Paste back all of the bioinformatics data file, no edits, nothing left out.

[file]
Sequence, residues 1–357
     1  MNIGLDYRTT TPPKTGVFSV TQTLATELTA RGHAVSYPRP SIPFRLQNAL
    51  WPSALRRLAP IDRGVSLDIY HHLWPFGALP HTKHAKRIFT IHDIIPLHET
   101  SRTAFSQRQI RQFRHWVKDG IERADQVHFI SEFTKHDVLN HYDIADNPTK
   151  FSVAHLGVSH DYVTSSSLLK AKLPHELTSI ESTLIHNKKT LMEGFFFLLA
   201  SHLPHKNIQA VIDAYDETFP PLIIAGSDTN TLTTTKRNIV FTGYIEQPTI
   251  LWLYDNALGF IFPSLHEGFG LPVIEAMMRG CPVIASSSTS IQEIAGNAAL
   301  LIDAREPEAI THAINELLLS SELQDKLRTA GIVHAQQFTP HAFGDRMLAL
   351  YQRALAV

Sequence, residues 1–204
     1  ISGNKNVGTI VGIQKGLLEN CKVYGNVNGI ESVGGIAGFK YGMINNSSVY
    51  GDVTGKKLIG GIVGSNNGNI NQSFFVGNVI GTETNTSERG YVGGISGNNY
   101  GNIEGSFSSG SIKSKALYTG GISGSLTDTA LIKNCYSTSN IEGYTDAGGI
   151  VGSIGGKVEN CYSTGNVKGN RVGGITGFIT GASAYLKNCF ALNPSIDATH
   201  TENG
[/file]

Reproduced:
Sequence, residues 1–357
     1  MNIGLDYRTT TPPKTGVFSV TQTLATELTA RGHAVSYPRP SIPFRLQNAL
    51  WPSALRRLAP IDRGVSLDIY HHLWPFGALP HTKHAKRIFT IHDIIPLHET
   101  SRTAFSQRQI RQFRHWVKDG IERADQVHFI SEFTKHDVLN HYDIADNPTK
   151  FSVAHLGVSH DYVTSSSLLK AKLPHELTSI ESTLIHNKKT LMEGFFFLLA
   201  SHLPHKNIQA VIDAYDETFP PLIIAGSDTN TLTTTKRNIV FTGYIEQPTI
   251  LWLYDNALGF IFPSLHEGFG LPVIEAMMRG CPVIASSSTS IQEIAGNAAL
   301  LIDAREPEAI THAINELLLS SELQDKLRTA GIVHAQQFTP HAFGDRMLAL
   351  YQRALAV

Sequence, residues 1–204
     1  ISGNKNVGTI VGIQKGLLEN CKVYGNVNGI ESVGGIAGFK YGMINNSSVY
    51  GDVTGKKLIG GIVGSNNGNI NQSFFVGNVI GTETNTSERG YVGGISGNNY
   101  GNIEGSFSSG SIKSKALYTG GISGSLTDTA LIKNCYSTSN IEGYTDAGGI
   151  VGSIGGKVEN CYSTGNVKGN RVGGITGFIT GASAYLKNCF ALNPSIDATH
   201  TENG